The most common clinicopathologic findings in dogs with leptospirosis are those associated with acute injury to the kidneys and liver. The most common abnormal biochemical abnormality is azotemia, found in 80% to 90% of dogs with leptospirosis.7,8,11 Elevated liver enzymes (e.g., alanine aminotransferase, aspartate aminotransferase, alkaline phosphatase) and bilirubin are noted in 30% to 50% of leptospirosis patients and may be present in the absence of azotemia.7,9,11,12 Other findings can include electrolyte abnormalities (e.g., hyponatremia, hypokalemia, hypochloremia, and/or hyperphosphatemia).9-11,13 In dogs with oligoanuria, serum potassium may be paradoxically normal or low because of alterations in the electrolyte transporters in the renal tubules.5 In dogs with myositis, creatine kinase levels can be elevated.7 Common hematologic abnormalities in dogs with leptospirosis include anemia, neutrophilia, and thrombocytopenia.8,9,11

Urinalysis findings in dogs with leptospirosis are typically compatible with acute kidney injury and include isothenuria, glucosuria, and proteinuria.7 Bilirubinuria may be noted in dogs with an associated hepatopathy. Leptospires cannot be visualized by routine light microscopy of urine sediment and do not readily grow on routine urine cultures.

Imaging Findings

In Europe, abnormalities have been found on up to 70% of thoracic radiographs of dogs with leptospirosis.14,15 Findings can range from a mild to moderate interstitial pattern to a nodular or alveolar pulmonary pattern in dogs with severe pulmonary hemorrhage (FIGURE 1).14,15 Common ultrasonographic changes include renomegaly, mild pyelectasia, medullary rim sign, or increased cortical echogenicity.16,17

Leptospira-Specific Diagnostic Testing

Several diagnostic assays, serologic and molecular, are available to aid in the diagnosis of leptospirosis. Often, a definitive diagnosis requires use of a combination of these assays.

Serologic Testing

The standard serologic reference for leptospirosis is the microscopic agglutination test (MAT), which provides a quantitative antibody titer. The results report titers to a panel of 6 to 8 Leptospira serovars, representing the common serogroups that infect dogs and that vary according to geographic location. Failure to include a member of the infecting serogroup in the panel could lead to false-negative results.

Testing of 2 serum samples, collected 7 to 14 days apart and representing acute- and convalescent-phase titers, is recommended.18 A 4-fold increase in titer indicates seroconversion and a diagnosis of leptospirosis.18 When paired samples are submitted, the sensitivity of the MAT is 100% and the specificity is 70% to 100%.19,20 A single acute serum sample is not as sensitive (50%) while antibodies are being produced and should not be relied on to rule out disease.19,20 Vaccination can result in positive MAT results; maximum titers can reach 1:6400. Titers of >1:1600 to vaccinal or nonvaccinal serovars can persist 1 year after vaccination.21-23 Therefore, although a single positive MAT result may be suggestive of leptospirosis, convalescent-phase testing is still recommended.18,24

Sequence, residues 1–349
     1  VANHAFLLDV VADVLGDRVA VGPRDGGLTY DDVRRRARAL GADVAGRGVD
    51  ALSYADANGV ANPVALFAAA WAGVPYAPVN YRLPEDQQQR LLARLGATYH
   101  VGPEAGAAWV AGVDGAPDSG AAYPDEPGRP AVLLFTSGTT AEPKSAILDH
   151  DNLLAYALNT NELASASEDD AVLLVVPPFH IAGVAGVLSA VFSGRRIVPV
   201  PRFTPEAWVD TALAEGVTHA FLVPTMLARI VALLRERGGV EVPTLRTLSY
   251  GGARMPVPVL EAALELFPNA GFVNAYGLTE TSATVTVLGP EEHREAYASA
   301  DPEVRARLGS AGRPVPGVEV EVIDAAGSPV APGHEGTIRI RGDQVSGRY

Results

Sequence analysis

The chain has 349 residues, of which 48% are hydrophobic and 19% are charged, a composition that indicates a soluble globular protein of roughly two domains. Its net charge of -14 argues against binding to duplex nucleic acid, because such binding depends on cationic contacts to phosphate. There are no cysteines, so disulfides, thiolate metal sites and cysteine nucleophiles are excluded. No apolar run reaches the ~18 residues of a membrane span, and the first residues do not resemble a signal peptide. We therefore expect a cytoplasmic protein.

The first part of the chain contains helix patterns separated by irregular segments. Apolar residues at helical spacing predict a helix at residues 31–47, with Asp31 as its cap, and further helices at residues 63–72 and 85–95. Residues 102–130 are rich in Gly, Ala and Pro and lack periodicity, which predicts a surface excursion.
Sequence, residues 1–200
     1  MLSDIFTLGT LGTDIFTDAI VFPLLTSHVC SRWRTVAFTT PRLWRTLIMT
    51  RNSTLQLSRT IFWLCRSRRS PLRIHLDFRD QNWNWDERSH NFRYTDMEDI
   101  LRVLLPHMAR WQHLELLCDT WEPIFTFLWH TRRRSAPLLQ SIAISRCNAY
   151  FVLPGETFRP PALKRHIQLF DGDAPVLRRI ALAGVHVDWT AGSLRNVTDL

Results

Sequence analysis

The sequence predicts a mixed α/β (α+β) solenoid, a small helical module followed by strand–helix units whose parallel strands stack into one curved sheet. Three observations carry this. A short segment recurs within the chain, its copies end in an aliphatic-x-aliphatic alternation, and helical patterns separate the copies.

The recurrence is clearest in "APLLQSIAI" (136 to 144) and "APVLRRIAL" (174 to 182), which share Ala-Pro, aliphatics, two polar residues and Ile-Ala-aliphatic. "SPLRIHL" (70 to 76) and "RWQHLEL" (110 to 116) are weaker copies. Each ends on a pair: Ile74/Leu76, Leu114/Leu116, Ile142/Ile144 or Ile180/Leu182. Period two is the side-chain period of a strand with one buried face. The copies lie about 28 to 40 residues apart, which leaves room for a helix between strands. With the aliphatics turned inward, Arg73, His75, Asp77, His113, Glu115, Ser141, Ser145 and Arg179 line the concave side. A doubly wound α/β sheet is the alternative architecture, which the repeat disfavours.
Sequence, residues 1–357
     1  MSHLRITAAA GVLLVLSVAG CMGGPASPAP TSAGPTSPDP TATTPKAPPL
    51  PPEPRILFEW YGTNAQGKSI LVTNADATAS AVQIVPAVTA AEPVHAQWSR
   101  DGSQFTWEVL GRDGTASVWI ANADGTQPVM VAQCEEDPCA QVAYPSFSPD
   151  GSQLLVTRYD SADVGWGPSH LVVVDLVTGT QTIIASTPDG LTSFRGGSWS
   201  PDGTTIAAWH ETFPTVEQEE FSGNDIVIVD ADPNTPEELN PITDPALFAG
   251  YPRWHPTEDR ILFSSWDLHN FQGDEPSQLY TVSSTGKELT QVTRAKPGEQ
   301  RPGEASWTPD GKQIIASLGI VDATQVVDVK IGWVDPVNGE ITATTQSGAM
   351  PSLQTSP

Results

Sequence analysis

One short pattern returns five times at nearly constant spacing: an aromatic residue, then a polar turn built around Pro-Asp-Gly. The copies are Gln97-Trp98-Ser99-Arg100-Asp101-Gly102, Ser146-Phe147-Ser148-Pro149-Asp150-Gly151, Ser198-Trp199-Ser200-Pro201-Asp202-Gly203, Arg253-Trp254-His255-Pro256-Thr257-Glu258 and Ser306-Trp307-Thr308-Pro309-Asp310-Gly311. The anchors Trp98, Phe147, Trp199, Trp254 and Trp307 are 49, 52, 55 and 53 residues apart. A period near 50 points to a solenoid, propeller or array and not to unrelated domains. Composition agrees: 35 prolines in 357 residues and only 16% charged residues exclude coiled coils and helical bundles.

Point-of-care assays have become commercially available and provide rapid diagnostic results. These assays are modified enzyme-linked immunosorbent assays and qualitatively detect Leptospira antibodies.25-28 As such, the limitations of these diagnostics are similar to those of the MAT. Results from these point-of-care diagnostic tests should be confirmed with paired MAT titers and/or polymerase chain reaction (PCR) results.18,24

Molecular Testing

Leptospira PCR detects bacterial DNA and is most often performed on blood or urine specimens. PCR sensitivity corresponds to the phase of disease; the bacteremic phase occurs in the first 10 days after infection, and the bacteriuric phase occurs after the first week of illness.6 Because the timeline of infection is often difficult to discern, to increase sensitivity of testing, both whole blood and urine samples should be collected before antimicrobial drugs are administered.18,24 A positive result in a dog with a compatible clinical presentation suggests leptospirosis; however, a negative result does not rule out leptospirosis because bacteremia is transient and bacteriuria is intermittent. The reported prevalence of positive urine PCR results (0% to 25%, depending on region) in the absence of clinical signs is low; therefore, positive PCR results should be interpreted in light of clinical signs.29-34 Recent vaccination does not interfere with PCR results.